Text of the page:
Tuesday, 13 April 2010

Good Manners... Before Torah!

During the weeks between Pesach and Shavuot we concentrate a part of our learning on the teachings of Pirkei Avot – Ethics of Our Fathers. These 6 chapters of Mishnayot (teachings) deal with everyday life for the "everyday" type of person. There's no need to be a serious Torah scholar to master these teachings. Yet even the greatest Torah student should be involved in internalizing the powerful messages revealed and hidden in these global essentials of life.

There is no Talmud to the teachings of Pirkei Avot. There are no arguments of the general give and take found in the Talmud. One finds only the simply teachings of what life is and should be all about. In fact, were these teachings not actually included in the Torah, even the "average" person could come to realize their importance on their own. Such a person would even think these values as simply just "the right thing!"

We might ask ourselves though – why it is here, at this point in time, that we concentrate on these teachings. We could learn these teachings any time of the year. Why do we concentrate on them at this particular period of the Jewish year?

Many of us are quick to forget – even though our entire purpose of counting the Omer is to awaken us to it – that we left Mitzrayim (Egypt) to enter the Land of Israel. Through our journey to Egypt, we would ultimately become the nation we were destined to become. From being slaves of Pharaoh, we were to become "slaves" of G‑d Himself. But the journey and the transition from one master to Another would not just take time, it would also take knowing what would be required to make the transition a successful one. Though on our way to Israel – there was one important stop along the way. Just 50 days after leaving Egypt, we would receive the Torah itself. This day would be celebrated as Shavuot – the day that we received the Torah.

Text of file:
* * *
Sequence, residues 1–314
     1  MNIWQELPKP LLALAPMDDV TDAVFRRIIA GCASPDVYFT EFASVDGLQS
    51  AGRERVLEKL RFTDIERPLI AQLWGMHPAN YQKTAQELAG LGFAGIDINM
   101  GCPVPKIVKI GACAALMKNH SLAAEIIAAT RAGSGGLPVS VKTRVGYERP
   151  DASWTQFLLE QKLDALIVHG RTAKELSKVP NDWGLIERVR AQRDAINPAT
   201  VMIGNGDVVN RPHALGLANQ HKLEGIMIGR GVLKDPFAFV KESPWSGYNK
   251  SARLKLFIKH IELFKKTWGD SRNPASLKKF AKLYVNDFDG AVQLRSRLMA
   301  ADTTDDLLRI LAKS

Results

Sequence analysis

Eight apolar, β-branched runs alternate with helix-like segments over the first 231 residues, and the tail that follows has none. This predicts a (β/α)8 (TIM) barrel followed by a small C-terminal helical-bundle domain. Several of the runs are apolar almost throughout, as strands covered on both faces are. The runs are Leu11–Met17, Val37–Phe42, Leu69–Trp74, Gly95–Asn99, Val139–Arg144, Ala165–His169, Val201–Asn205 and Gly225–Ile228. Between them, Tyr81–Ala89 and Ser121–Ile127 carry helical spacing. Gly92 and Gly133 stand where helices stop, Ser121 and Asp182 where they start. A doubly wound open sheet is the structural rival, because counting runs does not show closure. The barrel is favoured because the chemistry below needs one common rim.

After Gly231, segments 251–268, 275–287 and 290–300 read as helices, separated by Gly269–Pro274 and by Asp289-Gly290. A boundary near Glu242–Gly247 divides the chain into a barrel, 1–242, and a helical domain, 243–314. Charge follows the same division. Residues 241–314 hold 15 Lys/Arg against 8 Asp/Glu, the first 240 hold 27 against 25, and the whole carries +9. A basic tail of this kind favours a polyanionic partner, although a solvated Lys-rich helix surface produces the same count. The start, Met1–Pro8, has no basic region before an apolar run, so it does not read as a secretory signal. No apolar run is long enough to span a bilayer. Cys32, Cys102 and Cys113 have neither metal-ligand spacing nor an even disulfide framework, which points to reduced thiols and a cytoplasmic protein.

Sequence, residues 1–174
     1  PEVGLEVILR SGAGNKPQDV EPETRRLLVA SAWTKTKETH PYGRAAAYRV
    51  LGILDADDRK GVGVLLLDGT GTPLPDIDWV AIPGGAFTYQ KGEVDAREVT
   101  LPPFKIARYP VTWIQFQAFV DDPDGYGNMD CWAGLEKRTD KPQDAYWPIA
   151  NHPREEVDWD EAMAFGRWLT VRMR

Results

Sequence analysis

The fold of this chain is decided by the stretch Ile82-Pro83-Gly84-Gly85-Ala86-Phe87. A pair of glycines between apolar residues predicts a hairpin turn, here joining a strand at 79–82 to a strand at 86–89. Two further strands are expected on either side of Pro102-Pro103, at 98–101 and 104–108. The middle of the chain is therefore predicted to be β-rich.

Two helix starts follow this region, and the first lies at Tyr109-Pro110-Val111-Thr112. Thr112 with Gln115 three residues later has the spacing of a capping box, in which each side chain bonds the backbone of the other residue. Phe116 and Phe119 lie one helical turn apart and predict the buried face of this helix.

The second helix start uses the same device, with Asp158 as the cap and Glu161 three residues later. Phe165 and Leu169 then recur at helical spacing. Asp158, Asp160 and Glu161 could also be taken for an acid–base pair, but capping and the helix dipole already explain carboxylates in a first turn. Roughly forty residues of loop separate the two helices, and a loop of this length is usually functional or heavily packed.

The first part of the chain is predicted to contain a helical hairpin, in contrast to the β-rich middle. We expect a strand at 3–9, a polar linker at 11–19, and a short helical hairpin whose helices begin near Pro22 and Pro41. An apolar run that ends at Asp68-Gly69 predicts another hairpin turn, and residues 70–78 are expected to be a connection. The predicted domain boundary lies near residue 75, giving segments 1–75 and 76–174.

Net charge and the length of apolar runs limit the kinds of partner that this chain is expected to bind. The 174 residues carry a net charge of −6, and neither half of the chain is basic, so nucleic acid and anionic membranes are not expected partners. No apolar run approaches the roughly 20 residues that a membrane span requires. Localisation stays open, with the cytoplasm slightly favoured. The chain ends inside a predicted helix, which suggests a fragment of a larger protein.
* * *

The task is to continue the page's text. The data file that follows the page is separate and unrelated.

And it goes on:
49 days of another kind of journey were experienced even before the actual receiving of the Torah. Likewise, as we move across from the festival of Pesach to the festival of Shavuot, we journey through these 49 days each year. During this time we concentrate on these special teachings of Pirkei Avot.

Pirkei Avot teaches us about simple life manners. Certainly, having one's fork on the left side of the plate, and knife on the right may well be important. Opening the door for a lady to walk through first may well indicate proper etiquette in life (though it's highly unlikely this would ever have reached a real Torah standard!) Not leaving the dinner table before everyone has finished their meal may also indicate upright conduct and one that should be upheld by all… And sitting up straight when eating may certainly show dignified table manners! But it's more.